Book Review: The Man Within My Head
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Book: The Man Within My Head
Author: Pico Iyer
Publisher: Penguin India
The book "The Man Within My Head" by Pico Iyer begins with the declaration: "there is another within me". The book sets out to explore the influence of English writer Graham Greene in the field of literature and his role in influencing Iyer's literary sensibilities. Little wonder then that the book is smartly juxtaposed with contrasting views of Iyer and Greene. The title is seemingly borrowed from his literary father's work "The Man Within".
The theme of self-exploration as a literary device, is used well. It is also an attempt to examine the concept of dislocation. There is absolutely no doubt that this book is a reflection for Pico Iyer which is laced with fine prints which make it an absolute delight to read. It helps the reader in understanding facets of Graham Greene. Despite its underlined theme being discovery, the book ventures into a territory where it almost risks being an unofficial biography of the English playwright and writer. In the own words of Iyer, the book is like an attempt to paint a "counter-biography" which opposes the view painted by Greene's official biographer Norman Sherry. It seeks to deconstruct the mythical nature of the writer.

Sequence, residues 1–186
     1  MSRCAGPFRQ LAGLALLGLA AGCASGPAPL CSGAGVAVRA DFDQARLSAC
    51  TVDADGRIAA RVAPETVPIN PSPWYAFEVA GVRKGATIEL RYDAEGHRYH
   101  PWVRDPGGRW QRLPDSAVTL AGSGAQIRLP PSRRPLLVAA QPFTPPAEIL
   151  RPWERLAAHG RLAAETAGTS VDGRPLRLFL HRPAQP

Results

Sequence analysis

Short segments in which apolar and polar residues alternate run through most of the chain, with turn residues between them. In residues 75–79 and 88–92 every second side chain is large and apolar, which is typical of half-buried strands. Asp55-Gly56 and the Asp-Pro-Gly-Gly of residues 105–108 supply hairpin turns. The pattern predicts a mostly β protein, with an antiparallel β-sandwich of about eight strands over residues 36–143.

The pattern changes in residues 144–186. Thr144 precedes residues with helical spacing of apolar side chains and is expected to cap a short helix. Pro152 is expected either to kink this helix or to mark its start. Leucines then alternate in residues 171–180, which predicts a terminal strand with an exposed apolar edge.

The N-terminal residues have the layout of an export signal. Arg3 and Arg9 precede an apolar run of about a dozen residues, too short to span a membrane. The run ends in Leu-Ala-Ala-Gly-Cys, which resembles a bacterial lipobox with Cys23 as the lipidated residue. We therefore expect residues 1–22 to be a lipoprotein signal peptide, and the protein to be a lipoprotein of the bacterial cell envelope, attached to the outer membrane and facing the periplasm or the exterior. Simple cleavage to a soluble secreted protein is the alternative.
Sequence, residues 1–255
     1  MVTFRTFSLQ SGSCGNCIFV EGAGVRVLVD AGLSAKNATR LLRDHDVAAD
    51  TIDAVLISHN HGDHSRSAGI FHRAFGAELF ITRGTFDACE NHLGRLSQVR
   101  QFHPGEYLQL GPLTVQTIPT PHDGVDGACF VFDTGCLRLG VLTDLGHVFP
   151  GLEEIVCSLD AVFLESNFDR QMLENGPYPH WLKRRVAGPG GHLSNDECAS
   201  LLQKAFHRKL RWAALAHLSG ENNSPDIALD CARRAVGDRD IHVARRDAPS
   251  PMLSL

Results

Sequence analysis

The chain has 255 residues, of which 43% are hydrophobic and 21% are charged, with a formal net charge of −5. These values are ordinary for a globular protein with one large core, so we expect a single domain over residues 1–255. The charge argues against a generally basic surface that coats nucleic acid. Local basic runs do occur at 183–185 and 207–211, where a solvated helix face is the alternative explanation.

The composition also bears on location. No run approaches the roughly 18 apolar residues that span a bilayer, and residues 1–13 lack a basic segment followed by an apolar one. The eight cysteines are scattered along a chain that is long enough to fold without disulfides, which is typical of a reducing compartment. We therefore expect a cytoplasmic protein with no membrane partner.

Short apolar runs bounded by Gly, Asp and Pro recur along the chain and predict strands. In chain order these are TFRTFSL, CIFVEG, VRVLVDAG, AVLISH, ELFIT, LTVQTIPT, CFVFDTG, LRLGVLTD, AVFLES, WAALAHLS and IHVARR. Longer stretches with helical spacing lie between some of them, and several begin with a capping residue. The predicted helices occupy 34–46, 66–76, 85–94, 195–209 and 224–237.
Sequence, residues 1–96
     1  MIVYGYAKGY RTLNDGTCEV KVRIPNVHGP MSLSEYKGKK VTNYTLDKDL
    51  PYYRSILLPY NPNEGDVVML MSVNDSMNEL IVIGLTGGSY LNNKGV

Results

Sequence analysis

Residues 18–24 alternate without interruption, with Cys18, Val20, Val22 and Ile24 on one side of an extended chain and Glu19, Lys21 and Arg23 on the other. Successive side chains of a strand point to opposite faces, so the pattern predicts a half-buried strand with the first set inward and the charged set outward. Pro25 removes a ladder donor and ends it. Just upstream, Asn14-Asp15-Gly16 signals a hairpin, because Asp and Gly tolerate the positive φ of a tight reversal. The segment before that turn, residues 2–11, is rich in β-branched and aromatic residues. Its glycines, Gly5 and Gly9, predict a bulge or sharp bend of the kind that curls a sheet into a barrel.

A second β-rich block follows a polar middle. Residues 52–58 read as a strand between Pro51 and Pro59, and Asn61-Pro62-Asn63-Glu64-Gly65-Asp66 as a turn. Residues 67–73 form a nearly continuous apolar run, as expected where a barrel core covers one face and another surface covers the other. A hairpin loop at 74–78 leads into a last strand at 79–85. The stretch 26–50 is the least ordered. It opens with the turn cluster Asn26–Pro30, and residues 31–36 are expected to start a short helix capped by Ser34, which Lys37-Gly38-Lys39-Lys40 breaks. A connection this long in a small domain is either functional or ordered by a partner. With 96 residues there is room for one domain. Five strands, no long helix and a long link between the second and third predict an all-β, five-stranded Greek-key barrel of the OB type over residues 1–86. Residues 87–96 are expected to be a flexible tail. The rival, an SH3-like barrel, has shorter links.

Over the years, Pico Iyer has established himself as a writer specializing in narrating tales about dislocation. In a very neat manner, the book explores the theme of displacement as the writer influenced by Graham Greene's ideas and setting out to map his life through a series of experiences. Despite its seemingly monotonous tone, the book is a reflection of fine print and manages to strike a balance between personal and professional lines. There is absolutely no doubt that Pico Iyer holds promise as a storyteller.
The writing in itself is not negative but the utter slow in which the narration progresses might prevent readers from reading further. The real deficiency in this book is not in the way the story is narrated but in the unusually long and descriptive nature that might turn off some readers. However, to write a 245 page novel and still not being able to distinguish between admiration and homage through description and rambling makes it a laborious task to read.